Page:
Bryce was attacked and his cries went unheard. Is this any different than the reality faced by First Nations today? First Nations lead in shortened lifespans, diabetes, suicides, incarceration and generally poorer health than mainstream. The system has not changed. Currently Canada is embarking on a strategy to pay minimal costs for inflicted harms to appease the First Nation peoples. Canada’s “Indian budget” boasts high numbers that often total in the billions because they cover a fiveyear period. What Canada does not post is the breakdown of these billions and the actual amounts that reach First Nations. Canadians are tired of hearing about the “Indian” problem. Canadians are very much like their settler ancestors, always moving “forward” tearing down ecosystems while repeating their “greater good” mantra. The greater good seems to be race specific. The greater good denies allegations of harm, racism, disparity, inequity, and discrimination.

In the western education system, prevalence is given to a mythical bold and noble explorer story over the actual story that the First Nations or Indians were already inhabiting Canada and North America. There is no credibility to the fact that the early settlers relied on the Indians to survive. There is no understanding that the First Nations shared the land and resources because they believed the newcomers understood the delicate harmony that must be kept in balance. If the Indian is seen as a human being, or an enlightened race, then the narrative of manifest destiny and the doctrine of discovery become the empty words of a few greedy men and their rulers. The world and its accompanying madness has been built on these misconceptions. Greedy governments and their partners in crime, the churches have long been seeking to remake Indians into assimilated thinkers. Systemic control relies on Indian thinking regulated to staying within colonial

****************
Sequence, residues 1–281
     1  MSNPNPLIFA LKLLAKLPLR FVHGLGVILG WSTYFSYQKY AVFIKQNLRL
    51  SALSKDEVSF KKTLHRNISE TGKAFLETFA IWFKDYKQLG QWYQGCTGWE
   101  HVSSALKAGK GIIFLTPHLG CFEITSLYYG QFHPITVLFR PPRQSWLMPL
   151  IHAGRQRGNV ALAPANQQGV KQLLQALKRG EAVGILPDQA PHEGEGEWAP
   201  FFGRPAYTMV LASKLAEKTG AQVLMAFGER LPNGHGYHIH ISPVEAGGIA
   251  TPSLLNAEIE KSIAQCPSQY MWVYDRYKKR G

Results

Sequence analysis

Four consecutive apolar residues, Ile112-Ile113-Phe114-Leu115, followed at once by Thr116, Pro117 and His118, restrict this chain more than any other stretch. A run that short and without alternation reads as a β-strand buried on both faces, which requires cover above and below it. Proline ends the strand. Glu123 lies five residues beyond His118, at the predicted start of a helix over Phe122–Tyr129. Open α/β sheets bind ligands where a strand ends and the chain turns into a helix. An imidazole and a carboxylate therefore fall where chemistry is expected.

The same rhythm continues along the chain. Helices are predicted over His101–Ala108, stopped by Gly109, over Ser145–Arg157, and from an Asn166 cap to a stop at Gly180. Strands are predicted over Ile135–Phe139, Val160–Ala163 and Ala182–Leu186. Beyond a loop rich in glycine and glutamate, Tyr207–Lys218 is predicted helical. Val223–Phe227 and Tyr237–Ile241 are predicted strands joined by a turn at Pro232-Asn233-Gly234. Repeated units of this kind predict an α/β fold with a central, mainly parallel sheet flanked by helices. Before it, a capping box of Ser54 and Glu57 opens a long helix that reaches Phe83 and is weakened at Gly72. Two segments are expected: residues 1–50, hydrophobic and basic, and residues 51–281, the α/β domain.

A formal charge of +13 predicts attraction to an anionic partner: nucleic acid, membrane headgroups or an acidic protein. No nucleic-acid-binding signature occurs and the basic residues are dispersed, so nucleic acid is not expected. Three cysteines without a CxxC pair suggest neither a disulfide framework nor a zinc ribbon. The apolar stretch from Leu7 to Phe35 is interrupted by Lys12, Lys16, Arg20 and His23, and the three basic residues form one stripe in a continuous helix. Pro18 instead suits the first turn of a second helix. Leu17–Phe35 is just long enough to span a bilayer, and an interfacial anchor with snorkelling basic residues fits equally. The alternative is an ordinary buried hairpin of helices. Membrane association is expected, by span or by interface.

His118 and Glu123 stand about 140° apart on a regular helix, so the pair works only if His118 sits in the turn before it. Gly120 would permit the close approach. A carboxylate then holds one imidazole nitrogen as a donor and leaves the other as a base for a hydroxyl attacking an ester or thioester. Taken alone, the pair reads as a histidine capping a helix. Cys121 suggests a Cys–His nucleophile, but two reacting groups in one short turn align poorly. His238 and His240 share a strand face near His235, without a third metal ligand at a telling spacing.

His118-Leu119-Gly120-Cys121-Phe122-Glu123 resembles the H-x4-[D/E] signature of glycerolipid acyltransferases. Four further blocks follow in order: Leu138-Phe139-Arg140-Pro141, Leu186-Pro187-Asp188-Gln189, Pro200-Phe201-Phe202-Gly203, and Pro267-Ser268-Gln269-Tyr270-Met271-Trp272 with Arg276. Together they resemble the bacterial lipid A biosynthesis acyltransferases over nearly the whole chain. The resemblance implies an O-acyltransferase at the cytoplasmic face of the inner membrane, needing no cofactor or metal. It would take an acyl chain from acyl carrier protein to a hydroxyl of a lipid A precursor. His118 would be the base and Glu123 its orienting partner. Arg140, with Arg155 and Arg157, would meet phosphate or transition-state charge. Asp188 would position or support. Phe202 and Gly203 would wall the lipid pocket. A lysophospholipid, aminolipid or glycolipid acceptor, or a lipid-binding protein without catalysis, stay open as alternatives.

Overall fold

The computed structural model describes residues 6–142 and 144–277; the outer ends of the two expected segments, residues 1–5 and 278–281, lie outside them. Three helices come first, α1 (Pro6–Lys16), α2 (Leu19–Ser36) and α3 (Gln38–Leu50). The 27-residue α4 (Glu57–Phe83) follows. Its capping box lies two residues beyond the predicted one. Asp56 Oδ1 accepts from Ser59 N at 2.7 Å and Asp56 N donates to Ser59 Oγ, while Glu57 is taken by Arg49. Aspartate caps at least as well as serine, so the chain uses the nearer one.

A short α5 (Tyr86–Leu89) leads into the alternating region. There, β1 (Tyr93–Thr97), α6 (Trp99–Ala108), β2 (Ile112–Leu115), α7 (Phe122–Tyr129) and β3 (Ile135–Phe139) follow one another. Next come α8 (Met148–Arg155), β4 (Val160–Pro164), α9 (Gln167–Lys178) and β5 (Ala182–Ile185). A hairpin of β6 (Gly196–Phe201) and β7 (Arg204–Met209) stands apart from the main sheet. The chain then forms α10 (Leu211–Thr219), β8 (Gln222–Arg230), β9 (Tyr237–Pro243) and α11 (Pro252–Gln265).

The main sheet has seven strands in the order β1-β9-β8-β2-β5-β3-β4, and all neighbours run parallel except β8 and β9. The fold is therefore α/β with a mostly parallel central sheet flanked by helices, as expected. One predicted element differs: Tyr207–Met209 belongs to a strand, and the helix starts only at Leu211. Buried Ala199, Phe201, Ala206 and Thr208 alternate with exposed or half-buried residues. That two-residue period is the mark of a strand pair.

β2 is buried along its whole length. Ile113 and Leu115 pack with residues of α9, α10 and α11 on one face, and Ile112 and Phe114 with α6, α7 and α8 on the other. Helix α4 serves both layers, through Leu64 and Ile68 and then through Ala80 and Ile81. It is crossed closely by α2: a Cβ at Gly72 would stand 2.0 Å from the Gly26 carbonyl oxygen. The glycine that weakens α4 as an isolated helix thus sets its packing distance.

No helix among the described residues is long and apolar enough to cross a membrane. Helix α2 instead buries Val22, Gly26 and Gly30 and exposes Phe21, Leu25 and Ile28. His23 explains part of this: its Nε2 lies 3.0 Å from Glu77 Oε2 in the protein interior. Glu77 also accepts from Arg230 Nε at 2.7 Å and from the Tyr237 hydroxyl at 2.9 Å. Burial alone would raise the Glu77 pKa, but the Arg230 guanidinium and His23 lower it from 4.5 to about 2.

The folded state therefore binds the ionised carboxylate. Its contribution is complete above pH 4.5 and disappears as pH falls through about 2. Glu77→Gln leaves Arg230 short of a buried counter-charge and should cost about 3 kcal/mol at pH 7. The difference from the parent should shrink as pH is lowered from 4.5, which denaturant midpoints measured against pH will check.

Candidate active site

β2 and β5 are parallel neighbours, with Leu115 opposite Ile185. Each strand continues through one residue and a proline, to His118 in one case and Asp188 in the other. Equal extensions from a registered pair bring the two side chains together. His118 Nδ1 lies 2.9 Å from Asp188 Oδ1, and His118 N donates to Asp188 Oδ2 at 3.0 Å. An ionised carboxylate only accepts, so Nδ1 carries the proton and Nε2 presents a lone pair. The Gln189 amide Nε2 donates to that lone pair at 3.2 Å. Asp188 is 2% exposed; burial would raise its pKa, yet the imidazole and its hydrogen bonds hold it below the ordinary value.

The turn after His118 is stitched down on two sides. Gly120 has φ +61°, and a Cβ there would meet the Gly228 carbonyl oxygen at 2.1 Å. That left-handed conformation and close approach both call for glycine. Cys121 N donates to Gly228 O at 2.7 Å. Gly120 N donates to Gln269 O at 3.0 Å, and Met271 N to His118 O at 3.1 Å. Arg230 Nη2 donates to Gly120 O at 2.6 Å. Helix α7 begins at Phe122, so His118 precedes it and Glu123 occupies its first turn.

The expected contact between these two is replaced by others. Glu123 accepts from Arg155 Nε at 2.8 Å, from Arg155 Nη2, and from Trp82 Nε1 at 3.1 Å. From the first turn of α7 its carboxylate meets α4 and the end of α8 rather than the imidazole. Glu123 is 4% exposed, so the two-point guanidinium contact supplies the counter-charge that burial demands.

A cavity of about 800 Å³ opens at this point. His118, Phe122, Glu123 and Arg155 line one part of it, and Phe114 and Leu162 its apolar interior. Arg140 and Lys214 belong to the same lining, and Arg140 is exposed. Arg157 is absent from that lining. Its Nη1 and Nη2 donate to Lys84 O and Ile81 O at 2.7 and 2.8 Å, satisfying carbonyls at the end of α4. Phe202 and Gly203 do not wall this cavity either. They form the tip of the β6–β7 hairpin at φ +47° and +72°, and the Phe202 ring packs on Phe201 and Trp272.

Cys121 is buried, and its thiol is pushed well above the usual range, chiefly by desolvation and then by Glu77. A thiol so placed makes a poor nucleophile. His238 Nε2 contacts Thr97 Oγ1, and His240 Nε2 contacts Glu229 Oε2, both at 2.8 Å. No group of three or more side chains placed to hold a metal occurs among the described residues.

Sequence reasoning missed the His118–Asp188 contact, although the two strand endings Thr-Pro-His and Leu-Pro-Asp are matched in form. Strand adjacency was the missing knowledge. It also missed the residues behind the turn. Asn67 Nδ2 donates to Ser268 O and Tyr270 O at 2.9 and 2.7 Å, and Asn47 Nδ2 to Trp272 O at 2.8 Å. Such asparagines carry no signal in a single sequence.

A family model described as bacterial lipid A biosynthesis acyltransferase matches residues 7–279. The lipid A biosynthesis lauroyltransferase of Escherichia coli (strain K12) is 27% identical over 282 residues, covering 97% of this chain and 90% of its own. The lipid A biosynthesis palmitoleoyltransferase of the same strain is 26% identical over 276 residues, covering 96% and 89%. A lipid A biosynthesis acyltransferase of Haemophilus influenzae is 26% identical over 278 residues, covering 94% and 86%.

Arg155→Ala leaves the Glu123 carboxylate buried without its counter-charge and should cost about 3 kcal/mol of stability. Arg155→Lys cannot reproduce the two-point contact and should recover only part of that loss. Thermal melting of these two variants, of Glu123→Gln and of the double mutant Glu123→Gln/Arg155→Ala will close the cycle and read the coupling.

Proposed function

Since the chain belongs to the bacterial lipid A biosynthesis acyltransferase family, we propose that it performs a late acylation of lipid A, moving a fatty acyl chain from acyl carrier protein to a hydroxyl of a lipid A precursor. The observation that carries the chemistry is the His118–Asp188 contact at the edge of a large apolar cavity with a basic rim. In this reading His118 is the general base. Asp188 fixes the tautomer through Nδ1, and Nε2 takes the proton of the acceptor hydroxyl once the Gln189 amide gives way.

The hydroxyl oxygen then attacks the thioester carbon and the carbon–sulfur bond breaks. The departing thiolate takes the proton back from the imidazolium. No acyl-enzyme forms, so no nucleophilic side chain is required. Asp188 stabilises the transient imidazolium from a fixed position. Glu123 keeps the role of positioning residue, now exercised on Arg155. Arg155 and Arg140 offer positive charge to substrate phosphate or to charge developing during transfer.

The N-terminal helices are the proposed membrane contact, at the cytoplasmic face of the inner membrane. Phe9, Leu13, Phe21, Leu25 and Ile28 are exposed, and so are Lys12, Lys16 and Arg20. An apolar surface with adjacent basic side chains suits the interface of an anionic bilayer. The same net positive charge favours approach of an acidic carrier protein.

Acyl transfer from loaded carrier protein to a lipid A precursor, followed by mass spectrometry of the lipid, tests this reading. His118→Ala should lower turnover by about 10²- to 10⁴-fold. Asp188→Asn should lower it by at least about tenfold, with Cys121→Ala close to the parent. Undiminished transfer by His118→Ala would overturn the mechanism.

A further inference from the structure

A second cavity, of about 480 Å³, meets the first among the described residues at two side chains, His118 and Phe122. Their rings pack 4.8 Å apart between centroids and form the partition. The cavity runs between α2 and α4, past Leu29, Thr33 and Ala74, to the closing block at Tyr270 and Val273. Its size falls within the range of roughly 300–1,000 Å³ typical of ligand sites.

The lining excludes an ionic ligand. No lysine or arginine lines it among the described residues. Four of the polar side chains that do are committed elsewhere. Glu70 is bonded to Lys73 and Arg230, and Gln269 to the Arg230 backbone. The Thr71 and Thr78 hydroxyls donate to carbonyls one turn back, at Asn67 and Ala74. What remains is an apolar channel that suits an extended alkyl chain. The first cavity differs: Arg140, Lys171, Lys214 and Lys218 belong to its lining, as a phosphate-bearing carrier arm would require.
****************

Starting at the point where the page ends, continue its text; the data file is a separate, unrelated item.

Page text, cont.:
boxes. This is colonization. Indians must think of themselves as individuals and place their centuries old teachings into garbage bins. This is the new First Nation reality. Canada does not talk about the failed section 37 talks that were placed in the Canadian Constitution to ensure that the international Treaties had constitutional standing and federal application. The federal government ghosted the historic Treaty and pre-confederation Treaty people by allowing the Supreme Court to step in and make self-government rulings. This undermining and bad faith have continued in the sectoral attacks being made against historic Treaty people. Canada has divided its Indian Affairs department to appear to be more accepting but in reality, Canada has thrown all Indigenous together under one big bus. How will Canadians know the reality of First Nations without actual authentic First Nations writing or speaking their truth? First Nations do not

This week, the staff at Renway Energy celebrate